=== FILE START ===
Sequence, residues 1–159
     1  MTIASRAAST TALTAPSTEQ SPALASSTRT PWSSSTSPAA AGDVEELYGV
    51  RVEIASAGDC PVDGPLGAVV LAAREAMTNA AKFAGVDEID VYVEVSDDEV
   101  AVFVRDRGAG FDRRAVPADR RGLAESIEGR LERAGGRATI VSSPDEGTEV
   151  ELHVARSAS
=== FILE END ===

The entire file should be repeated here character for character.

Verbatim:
Sequence, residues 1–159
     1  MTIASRAAST TALTAPSTEQ SPALASSTRT PWSSSTSPAA AGDVEELYGV
    51  RVEIASAGDC PVDGPLGAVV LAAREAMTNA AKFAGVDEID VYVEVSDDEV
   101  AVFVRDRGAG FDRRAVPADR RGLAESIEGR LERAGGRATI VSSPDEGTEV
   151  ELHVARSAS